Bringing star quality to weight management education
The latest National Nutrition Survey indicates more than 2.3 million Australians aged 15 years and older are on a diet to lose weight or improve their health. Despite this, rates of overweight and obesity are rising in Australia and it is the third contributor to burden of disease, behind smoking and high blood pressure.
Researchers across the country and the globe are looking for ways forward to halt and reduce the cause and effects of overweight and obesity and the Australian Hospital and Healthcare Bulletin has recently published articles on:
- The American Cancer Society’s Cancer Atlas which highlights that soaring rates of obesity will be a major contributor to the expected 50 per cent increase in cancer cases to 21.7 million by 2030.
- Obesity and extreme obesity have the potential to reduce life expectancy by up to 8 years and deprive adults of as much as 19 years of healthy life as a result of type 2 diabetes and cardiovascular disease.
- A team at the University of Adelaide’s Robinson Research Institute has discovered how damage caused from obesity passed from mother to child can be reversed, and the findings could have major implications for future fertility research.
- Urban Planners Play a Big Role in Fighting Obesity according to health and urban research experts at the University of Melbourne.
The researchers, including those with backgrounds in biology, physiology, psychology, epidemiology and neuroscience are looking for evidence-based answers and it seems this multi-disciplinary approach may be the way to end the global obesity epidemic.
And this is exactly why Sonja Bella, Founder of the Australian Institute of Weight Loss Consultants has established the inaugural Global Weight Management Conference which is happening in Brisbane this May. The conference is using ‘out of the box’ content to engage its audience, and has recruited Australia’s fittest man, Guy Leech, as its patron.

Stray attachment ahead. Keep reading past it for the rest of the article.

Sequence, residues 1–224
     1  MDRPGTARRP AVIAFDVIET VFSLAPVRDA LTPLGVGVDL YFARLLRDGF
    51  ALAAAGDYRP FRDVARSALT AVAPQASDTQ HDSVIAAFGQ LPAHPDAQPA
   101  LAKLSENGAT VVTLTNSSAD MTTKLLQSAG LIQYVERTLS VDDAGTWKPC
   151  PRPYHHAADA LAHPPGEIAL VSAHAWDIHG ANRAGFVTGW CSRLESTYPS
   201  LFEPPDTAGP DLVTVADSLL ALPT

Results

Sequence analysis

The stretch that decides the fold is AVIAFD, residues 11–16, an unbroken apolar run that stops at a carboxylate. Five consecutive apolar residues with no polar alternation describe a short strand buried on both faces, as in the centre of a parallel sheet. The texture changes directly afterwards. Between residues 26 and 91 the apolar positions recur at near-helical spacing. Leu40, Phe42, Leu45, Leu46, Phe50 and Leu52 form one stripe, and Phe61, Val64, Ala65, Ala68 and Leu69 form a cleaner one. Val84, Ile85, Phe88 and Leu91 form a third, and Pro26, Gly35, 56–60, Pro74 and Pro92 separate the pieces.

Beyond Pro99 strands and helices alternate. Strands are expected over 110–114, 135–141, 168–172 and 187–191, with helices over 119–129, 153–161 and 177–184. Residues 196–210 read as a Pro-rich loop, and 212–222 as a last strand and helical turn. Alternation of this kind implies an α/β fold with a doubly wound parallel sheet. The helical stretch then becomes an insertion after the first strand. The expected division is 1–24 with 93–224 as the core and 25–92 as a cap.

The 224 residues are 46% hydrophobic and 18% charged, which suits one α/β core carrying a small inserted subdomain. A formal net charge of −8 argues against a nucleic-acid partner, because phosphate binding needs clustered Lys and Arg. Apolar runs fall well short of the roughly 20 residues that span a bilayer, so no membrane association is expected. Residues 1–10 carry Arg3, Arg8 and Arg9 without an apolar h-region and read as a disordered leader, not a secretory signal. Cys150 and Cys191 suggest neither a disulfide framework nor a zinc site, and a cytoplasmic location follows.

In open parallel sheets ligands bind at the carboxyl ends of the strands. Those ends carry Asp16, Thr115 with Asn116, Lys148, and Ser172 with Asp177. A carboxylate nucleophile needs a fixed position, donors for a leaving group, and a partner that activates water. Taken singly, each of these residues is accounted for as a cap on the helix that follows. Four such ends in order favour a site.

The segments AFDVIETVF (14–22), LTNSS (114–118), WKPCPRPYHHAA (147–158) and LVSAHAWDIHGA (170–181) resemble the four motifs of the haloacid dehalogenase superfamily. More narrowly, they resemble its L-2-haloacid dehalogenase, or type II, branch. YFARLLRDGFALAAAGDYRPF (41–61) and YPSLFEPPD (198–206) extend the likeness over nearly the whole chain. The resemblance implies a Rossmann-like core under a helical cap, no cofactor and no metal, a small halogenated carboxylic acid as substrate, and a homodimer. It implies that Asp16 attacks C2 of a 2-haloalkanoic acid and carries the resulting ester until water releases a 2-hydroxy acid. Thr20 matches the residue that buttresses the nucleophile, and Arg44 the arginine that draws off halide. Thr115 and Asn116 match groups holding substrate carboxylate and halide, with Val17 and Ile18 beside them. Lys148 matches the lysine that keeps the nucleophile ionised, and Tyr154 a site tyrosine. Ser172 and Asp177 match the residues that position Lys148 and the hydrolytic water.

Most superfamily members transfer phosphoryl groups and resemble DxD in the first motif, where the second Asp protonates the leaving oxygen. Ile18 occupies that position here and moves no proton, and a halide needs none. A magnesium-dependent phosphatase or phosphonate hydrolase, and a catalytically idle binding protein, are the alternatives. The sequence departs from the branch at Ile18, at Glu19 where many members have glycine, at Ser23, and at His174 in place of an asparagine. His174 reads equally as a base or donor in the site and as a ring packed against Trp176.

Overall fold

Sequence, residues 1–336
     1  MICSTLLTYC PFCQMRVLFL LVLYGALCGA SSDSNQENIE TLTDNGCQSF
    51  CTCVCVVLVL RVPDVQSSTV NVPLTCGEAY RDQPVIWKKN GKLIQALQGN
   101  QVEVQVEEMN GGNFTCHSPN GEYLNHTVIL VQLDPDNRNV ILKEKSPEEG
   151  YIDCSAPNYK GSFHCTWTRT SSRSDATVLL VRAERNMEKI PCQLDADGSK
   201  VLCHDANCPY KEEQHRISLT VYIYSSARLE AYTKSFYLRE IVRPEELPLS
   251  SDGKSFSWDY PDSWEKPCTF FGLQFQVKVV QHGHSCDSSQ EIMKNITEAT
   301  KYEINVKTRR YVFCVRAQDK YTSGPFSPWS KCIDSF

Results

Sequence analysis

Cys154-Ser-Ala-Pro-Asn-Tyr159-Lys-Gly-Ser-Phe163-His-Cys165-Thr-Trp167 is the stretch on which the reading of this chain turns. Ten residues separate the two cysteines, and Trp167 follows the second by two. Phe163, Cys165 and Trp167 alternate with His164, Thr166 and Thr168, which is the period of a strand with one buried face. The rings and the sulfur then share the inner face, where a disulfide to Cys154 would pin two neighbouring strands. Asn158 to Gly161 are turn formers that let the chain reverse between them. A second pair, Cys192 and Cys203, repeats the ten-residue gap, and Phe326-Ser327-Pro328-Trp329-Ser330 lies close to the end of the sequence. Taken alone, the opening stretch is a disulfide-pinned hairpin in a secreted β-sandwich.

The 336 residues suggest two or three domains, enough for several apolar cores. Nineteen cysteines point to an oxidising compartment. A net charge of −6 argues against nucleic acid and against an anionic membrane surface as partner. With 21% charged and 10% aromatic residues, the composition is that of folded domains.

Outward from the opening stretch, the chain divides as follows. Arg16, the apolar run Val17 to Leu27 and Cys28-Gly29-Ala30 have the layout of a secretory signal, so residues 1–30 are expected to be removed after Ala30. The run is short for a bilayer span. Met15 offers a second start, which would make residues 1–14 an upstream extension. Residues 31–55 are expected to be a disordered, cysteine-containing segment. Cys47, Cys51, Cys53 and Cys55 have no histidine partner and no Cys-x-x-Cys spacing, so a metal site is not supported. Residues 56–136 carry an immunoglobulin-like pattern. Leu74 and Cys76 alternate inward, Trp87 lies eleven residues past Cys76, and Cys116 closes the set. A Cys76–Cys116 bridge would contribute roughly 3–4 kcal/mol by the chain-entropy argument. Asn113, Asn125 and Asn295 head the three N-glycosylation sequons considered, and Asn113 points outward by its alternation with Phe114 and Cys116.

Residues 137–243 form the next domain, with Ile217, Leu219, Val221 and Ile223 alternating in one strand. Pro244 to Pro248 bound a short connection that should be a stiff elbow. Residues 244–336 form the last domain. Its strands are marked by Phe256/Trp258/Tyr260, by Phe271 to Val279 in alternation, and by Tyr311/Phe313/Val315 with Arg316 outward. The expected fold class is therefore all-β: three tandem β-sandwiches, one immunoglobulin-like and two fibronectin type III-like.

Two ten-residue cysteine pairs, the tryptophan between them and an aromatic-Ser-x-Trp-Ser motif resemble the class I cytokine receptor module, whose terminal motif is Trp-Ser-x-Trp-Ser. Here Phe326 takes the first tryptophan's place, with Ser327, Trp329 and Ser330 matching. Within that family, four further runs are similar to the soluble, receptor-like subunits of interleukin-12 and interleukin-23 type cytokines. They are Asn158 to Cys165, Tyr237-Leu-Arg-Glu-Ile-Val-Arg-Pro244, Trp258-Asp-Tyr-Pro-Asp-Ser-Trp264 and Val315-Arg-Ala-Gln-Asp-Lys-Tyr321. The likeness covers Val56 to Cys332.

It’s not common to see a ‘celebrity’ as an ambassador for a health, but Ms Bella explains aligning with Leech’s principles will be a useful tool in their professional practice.
“Guy was chosen as the ambassador because of his philosophy and attitude to everything he does; for Guy, failure is not an option and he uses the same principles that made him successful in sport in every other area of his life. “We need to adopt that philosophy into the weight management industry as we can no longer sit back and operate in our own ‘silos’ and just hope that obesity will go away,” Ms Bella said.
“The trends and forecasts for obesity are frightening and if the current practices were working, we would have seen a turn-around in the statistics. “The Congress aims to cross-pollinate the multi-disciplinary fields that co-exist within the weight management industry and give practitioners a platform to network, engage and learn from other experts, leading authorities and professors so that we can offer clients a new way forward and a new way of thinking about weight management.
“The other reason Guy was chosen is that while fitness is certainly one aspect of weight management, we didn’t want this to become another fitness convention as the market place is flooded with fitness information; instead we wanted to focus on cutting edge research and methodologies that will make a significant impact on the way we currently address obesity and eight management, so if we had to select just one person to represent fitness, we wanted Australia’s best.”
There is no doubting Guy’s passion for helping to tackle obesity. As well as being recognised as ‘Australia’s fittest guy’, he has helped many people, including celebrities such as Jonathon Coleman and Casey Donovan with their battle of the bulge. Seeing their transformations can inspire the general public to work towards their own personal health goals.
“Every year in Australia five million people set health and fitness goals in the year – whether they are to lose weight or stop smoking,” Guy said. “Out of those, may be 250,000 reach their goal – that’s one in 25 people who get to the finish line. “The strength those people have is knowing the reason why they want to lose weight and having a plan and strategy in place. “I call it their unfair advantage”.
Guy has a good understanding of the health ramifications of being overweight or obese and is working as an ambassador with Diabetes Australia.
“There are real concerns where we are going in this country,” Guy says. “Type 2 diabetes is something you can do something about – changes in your lifestyle can turn things around.”
Researchers at the University of South Australia have developed a novel coating that can be...
The Australian College of Nursing has welcomed the recognition of the profession's...
A team from Southern Cross University is pioneering a technology that could heal wounds in days...